Excerpts from American Baby article April 2000
I know this isn't a "no TV for kids under 2" thread, but just wanted to share the following:
The AAP has reviewed the issue and is advising against TV for babies under 2.http://www.aap.org/family/tv1.htm
I read a very interesting article in theApril 2000 issue of "American Baby" and I kept the issue. Here are some excerpts from that article.
·Doctors fear that prolonged exposure to the tube could impair babies' vision, hearing and attention span.
·"The fact that television's a good babysitter is not enough of a justification for using it when a TV habit might make it more difficult for a child to learn later on," asserts educational psychologist Jane Healy, PhD, author of Endangered Minds: Why Children Don't Think - and what We can Do about it (1999)
·Although there is little research on television's direct impact on a baby's neural growth, we do know that, in a baby under 2, parts of the brain are going through what's called "synaptic exuburance," during which there are twice as many synpases in the cerebral cortex as there were during adulthood. Babies are absoring the world at warp speed, and this is the most critical period for language and visual development. Also, at around 18 months, the front right part of the baby's brain - which controls the way he relates to other people - hits a vital developmental period.
·"Television can't really be used as downtime for babies because it's full of overwhelming sounds and flashing colors," says Susan Johnson, MD a behavioral and developmental pediatrician. "Babies are born with eyes developed to look at the human face, so downtime for them means quiet, calm snuggling with their mother or father." Dr. J suggests, let your baby lie on a blanket and watch light stream into a room, or sit her outside where she can take in the sights and smells of the outdoors.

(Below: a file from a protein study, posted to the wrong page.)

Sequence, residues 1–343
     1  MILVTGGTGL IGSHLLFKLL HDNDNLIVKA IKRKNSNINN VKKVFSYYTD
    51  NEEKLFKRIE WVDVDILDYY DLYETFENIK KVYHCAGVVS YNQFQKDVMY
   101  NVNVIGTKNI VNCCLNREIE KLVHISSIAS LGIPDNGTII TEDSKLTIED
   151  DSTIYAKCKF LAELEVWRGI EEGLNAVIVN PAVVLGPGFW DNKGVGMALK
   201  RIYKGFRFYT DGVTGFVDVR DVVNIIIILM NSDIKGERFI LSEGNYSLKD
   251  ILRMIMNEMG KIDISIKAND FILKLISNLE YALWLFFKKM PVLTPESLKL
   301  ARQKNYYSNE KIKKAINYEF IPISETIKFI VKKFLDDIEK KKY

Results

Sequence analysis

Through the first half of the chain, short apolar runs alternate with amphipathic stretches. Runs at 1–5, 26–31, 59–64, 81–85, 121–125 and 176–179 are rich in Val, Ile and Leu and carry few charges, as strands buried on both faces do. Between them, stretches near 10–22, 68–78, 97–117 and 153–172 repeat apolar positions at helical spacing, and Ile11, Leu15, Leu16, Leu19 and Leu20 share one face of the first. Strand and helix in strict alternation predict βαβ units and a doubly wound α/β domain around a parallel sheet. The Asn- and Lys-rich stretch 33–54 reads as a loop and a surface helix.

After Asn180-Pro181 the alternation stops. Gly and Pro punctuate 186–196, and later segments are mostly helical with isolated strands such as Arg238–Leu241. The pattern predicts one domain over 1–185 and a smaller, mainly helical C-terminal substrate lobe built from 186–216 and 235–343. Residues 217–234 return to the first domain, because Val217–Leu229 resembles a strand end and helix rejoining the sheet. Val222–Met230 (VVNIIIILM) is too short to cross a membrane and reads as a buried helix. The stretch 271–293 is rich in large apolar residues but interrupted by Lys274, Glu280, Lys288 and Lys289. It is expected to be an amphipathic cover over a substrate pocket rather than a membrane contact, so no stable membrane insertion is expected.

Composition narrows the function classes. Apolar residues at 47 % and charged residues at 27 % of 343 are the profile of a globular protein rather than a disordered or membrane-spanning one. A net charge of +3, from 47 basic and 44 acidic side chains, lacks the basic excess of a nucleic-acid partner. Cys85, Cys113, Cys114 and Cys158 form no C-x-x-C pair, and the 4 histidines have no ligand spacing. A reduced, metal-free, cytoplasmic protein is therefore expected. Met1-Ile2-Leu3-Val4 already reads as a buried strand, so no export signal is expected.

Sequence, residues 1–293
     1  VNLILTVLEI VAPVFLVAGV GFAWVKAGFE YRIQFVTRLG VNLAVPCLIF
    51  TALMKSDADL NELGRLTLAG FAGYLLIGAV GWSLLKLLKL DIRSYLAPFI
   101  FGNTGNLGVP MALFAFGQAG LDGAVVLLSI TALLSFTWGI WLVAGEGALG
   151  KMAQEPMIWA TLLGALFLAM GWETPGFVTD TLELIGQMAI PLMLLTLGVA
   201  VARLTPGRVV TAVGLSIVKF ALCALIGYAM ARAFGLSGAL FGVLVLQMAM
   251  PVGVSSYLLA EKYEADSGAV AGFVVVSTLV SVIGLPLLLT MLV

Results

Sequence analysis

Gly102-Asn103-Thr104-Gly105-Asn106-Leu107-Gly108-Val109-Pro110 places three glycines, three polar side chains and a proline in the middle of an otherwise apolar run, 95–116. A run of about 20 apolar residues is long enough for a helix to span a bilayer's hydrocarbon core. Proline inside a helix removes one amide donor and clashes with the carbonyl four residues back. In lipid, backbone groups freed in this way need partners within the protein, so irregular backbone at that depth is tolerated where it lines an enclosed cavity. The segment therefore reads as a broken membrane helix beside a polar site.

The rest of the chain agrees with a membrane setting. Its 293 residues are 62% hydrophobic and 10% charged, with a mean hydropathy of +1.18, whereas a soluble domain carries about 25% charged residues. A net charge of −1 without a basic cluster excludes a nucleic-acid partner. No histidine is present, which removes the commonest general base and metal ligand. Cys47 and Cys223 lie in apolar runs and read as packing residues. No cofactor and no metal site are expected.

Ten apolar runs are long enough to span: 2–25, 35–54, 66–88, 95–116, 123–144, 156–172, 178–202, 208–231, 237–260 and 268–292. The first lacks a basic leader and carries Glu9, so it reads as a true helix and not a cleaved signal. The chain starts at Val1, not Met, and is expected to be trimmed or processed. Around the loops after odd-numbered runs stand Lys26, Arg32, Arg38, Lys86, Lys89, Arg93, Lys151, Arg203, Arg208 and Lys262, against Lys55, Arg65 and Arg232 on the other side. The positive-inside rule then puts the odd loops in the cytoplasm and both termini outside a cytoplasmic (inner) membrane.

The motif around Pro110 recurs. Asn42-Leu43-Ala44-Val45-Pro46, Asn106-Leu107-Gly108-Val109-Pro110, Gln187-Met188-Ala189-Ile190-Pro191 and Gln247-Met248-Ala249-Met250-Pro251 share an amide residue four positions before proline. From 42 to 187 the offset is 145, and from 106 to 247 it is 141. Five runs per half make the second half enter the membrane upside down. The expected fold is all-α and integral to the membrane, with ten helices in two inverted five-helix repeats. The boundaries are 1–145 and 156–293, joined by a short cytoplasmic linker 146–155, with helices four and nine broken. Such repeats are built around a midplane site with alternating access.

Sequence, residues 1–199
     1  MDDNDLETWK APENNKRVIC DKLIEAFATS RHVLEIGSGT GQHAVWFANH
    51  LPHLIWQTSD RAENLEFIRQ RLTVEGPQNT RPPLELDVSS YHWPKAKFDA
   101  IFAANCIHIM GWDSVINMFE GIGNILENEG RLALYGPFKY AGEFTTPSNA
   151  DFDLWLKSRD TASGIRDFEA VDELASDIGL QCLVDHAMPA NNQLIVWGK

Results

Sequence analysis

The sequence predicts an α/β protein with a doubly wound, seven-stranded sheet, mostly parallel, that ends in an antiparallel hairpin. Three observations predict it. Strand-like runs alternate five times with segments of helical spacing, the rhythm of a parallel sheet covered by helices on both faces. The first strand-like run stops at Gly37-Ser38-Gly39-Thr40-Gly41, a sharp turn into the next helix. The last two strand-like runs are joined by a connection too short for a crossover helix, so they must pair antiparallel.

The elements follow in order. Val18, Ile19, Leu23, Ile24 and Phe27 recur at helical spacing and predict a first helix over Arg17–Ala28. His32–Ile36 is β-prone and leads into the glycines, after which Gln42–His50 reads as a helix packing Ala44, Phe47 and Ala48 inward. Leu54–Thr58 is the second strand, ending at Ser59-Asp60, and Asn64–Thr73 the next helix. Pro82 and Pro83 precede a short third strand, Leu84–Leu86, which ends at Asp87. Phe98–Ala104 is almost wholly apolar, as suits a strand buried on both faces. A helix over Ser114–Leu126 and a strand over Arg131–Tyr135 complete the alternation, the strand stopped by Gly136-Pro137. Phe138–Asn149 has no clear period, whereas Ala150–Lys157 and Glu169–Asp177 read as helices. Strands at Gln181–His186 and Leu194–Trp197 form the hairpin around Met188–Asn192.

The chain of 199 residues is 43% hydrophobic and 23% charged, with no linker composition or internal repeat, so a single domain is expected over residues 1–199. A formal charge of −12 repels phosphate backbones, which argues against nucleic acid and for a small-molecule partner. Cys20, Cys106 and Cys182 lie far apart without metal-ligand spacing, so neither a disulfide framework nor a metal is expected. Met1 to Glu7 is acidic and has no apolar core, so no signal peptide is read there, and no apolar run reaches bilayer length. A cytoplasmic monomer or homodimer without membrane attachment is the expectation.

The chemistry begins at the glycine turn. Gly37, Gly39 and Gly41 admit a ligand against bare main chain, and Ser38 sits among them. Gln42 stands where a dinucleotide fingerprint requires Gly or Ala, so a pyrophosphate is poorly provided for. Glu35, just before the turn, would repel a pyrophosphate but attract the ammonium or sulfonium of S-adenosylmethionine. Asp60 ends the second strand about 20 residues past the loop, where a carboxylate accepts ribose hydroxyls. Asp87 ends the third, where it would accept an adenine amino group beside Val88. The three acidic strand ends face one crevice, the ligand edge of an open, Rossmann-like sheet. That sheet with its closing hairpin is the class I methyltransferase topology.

·Contrary to parents' hopes or beliefs that television can actually teach kids somethings, such as the alphabet or new vocabulary words, most experts say that kids under 2 get so absorbed in the visual stimulation of the TV that they tune out most of the words entirely.
·Lise Eliot, PhD, author of What's Going on in There? How the Brain and Mind Develop in the First Five Years of Life(1999), cites a study in which pediatricians regularly placed the hearing children of deaf parents in front of "Sesame Street" to see whether they'd learn to speak. They didn't.
·"Babies learn language by talking to real, live people." Dr. Eliot says. "Research shows that babies will listen to a television but won't process the noises at the same level as if someone where speaking to them." So if you are counting along with the television character, your child may begin to pick up numbers, but he probably won't learn them from the show alone.
·In addition, some experts feel that the poor sound quality coming from a television may actually impair a child's hearing if he's around it long enough.
·"Listening to noises kept on one basic plane--at the same volume level and coming from just one source -isn't a good way to get sound." says Dr. Johnson. "In nature, sound is coming from all around. But with TV, children learn to turn off background noises. Then later on, when they're away from the television, it can be harder for them to tell where sounds are coming from."
·Also, Dr. J says, because television is just a stationary box, young children aren't getting vital eye exercise when they watch it. While staring at the flat, two-dimensional screen, they're pulled away from three-dimensional activities.
·Skipping out on those diversions is a critical loss, since such play can help a child's 3D vision, which is maturing up until the age of 4, says Dr. Johnson.
·"When people have had eye surgery, they're told to watch TV because it fixes their eyeball in one place so it can heal. But if you show television often to a child too young to read, the growth of the eyeball can be distorted. All of the sudden, he'll go to the first grade and be asked to read something left to right, and his eyes will feel fatigued."
·A baby's eyes become locked to the screen because the images change every five or six seconds and require constant attention. Which leads to another problem: "If they're watching rapidly changing images, I don't think (babies) can process them quickly enough. We may be miswiring their attention systems." says Dr. Eliot.
·If a baby becomes accustomed to seeing a continual stream of action, then when she's not watching TV, her eyes might jump around the room to catch the next engaging visual change.
·"Normal infant activities like playing with a toy or looking at a person promot a longer visual attention span away from the TV." Dr. Eliot says.
·"In the brain, there's a survival response that causes us to pay attention to something fast-paced," says Gloria DeGaetano, author of Screen Smarts: A Family Guide to Media Literacy (1996) and the director of GrowSmartBrains.com, an education and resource organization. "Our nervous systems are revved up by the visual onslaught, but we stay sitting still. "This affects the youngest kids the most. They get a lot of pent up energy and anxiety from watching TV; then they act out just to burn it all off," DeGaetano says.